Top 10 biggest mistakes made by cannabis growers
There is an art to the science of growing cannabis herb. Cannabis is a hearty plant, hence the nickname "weed."
Cannabis, like most herbal plants is generally a simple and easy plant to grow, and experienced growers have learned to provide the best environment for their plants, and to not overwork them. Here are tips on how to avoid the eight most common mistakes that cannabis growers make.
KEEP IT PRIVATE
Growing herb is a private endeavor that should be conducted in a "need to know basis." Once the grower shares their secret, it can open a Pandora's Box of unnecessary drama.
Remember, growing herb is a two to three month endeavor, and a commitment to finish the project that begins with the sowing of that seed. The best way to protect the crop and oneself is to just keep it private.
START WITH PREMIUM SEED
Planting unknown seeds will bring unknown results. While it may be a fun experiment to grow a few seeds from a particularly tasty bud, it's best to know exactly what one is investing their time, energy, and resources into.
Royal Queen seeds are meticulously prepared to produce a dependable crop of the highest quality herb. Royal Queen seeds are feminized and 99.9% guaranteed to produce female plants with hearty buds. They come with detailed instructions for growing each particular seed strain according to the requirements of its genetic heritage.
Growers who work with Royal Queen seeds know exactly what to expect in terms of THC and CBD contents and can plan their crop to prepare for the height and aromas of their chosen varieties. They know the length of time that it will take for their crop to sprout, flower, and when to harvest.
This knowledge is essential for the grower, who can plan their crop with confidence, knowing where to plant taller and longer growing strains as well as shorter and quicker crops. If the plants will produce a "skunky" aroma in the garden, they will require more protection, with filtering systems for indoor settings and thoughtful placement in an outdoor setting.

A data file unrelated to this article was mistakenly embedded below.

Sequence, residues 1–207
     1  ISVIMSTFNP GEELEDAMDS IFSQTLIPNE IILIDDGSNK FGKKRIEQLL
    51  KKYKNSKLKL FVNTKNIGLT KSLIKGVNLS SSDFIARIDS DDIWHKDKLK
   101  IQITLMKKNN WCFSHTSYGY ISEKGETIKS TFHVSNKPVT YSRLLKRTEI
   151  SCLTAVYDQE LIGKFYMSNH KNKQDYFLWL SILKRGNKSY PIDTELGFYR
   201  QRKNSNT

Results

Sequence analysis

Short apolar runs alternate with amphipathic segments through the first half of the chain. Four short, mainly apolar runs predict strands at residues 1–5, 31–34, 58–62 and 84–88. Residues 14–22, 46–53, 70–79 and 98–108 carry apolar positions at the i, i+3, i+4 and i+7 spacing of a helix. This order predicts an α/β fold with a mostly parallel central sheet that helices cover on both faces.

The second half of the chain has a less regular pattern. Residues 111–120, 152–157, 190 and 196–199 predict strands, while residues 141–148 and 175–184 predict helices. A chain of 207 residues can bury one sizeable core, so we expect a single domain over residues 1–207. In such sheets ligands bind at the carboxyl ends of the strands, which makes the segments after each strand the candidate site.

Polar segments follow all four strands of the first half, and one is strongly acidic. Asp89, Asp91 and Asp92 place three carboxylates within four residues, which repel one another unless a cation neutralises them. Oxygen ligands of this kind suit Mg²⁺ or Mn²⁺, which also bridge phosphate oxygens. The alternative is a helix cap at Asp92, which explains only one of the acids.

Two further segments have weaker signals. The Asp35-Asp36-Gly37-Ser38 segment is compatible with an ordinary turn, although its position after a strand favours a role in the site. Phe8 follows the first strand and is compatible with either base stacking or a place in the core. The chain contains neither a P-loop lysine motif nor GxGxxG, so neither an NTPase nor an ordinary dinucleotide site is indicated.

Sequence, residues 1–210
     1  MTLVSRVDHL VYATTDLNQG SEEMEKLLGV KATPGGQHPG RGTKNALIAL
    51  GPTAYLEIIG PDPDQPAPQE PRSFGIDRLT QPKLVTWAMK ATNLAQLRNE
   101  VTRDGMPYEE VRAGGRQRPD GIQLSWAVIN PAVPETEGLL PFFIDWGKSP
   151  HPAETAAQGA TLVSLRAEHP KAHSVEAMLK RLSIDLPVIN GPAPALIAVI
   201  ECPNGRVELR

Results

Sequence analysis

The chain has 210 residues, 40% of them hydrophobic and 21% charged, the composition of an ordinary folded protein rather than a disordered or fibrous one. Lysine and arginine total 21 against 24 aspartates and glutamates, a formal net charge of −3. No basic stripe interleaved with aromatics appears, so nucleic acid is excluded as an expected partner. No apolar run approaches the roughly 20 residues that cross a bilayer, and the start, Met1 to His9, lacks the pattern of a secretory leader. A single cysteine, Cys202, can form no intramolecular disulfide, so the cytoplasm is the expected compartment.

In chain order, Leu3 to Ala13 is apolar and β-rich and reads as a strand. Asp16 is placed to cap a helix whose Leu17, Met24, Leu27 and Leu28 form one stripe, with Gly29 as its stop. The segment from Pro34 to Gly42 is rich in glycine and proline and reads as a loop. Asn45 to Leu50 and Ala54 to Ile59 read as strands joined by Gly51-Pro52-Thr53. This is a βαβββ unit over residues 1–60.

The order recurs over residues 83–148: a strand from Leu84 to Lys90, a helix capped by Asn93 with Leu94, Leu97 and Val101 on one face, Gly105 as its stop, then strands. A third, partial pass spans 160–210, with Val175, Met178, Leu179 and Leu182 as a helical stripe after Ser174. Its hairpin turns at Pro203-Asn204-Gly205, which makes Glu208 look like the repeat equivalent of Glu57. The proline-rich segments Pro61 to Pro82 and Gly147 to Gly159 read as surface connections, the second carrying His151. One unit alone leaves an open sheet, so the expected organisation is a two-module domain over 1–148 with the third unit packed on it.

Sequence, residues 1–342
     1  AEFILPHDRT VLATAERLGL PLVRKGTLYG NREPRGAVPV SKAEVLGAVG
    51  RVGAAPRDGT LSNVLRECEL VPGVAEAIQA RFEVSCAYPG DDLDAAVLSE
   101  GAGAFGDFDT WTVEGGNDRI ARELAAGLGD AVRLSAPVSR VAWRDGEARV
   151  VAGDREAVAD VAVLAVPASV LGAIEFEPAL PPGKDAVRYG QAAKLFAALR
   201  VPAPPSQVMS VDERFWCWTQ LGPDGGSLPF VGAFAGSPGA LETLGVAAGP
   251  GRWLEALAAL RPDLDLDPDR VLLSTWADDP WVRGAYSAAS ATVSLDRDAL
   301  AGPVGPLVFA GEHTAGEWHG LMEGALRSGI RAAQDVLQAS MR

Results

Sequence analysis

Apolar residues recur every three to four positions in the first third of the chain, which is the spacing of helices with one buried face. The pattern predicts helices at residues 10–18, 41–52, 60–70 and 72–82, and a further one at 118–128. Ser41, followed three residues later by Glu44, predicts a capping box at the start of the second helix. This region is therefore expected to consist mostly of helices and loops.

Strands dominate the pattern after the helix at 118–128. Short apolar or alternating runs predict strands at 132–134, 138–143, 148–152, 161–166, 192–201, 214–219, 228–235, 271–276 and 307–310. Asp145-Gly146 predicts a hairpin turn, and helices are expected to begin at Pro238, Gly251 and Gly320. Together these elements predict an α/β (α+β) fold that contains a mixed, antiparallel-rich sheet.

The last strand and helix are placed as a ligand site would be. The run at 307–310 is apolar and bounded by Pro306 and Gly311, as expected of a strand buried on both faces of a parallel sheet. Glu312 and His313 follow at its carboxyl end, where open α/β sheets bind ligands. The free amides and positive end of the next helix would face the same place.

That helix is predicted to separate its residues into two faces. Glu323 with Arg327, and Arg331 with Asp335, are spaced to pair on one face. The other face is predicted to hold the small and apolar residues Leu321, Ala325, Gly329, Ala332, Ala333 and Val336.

It's best to start the seeds in their growing medium as opposed to sprouting them with paper towels that will require moving the tender seedlings into their medium.
Propagated plants put the grower at risk of introducing pests and diseases into their crop, and should be used with caution.
TIMING THE GROWTH CYCLE
Sowing the seeds in the first week of June provides the plants the perfect amount of time to complete their growing cycle in the least amount of time while producing the maximum harvest. After the summer solstice, the days start becoming shorter. This induces the plants to move into their flowering and budding stages without unnecessary excessive height growth. Indoor growing environments should mimic this example.
Cannabis plants are arid drought-resistant plants that require good air circulation, good drainage and suffer from too much water and food. In outdoor situations, sandy loam soil is optimal. They should be watered when the top two to three inches of soil are dry. A well-constructed hydroponic system will be less inclined to over-watering, as they are designed to provide good drainage. These plants grow best in full sun with temperatures between 24-27 degrees, and humidity of 30-70%.
FEEDING THE PLANTS
Organically grown cannabis plants taste and burn better, but time-released fertilizer is acceptable. Start with a 25% dilution and gradually increase the potency of the food. If the leaves curl or show other signs of malformation, flood the plants and spray the leaves with water.
Once the pistils start turning from white to brown, the grower can start picking them. Resist the temptation to harvest the plant until the pistils are mostly brown. Hang the plants upside down in a dark room with good air circulation until the stems are completely dry, then pick the buds, and begin the curing process.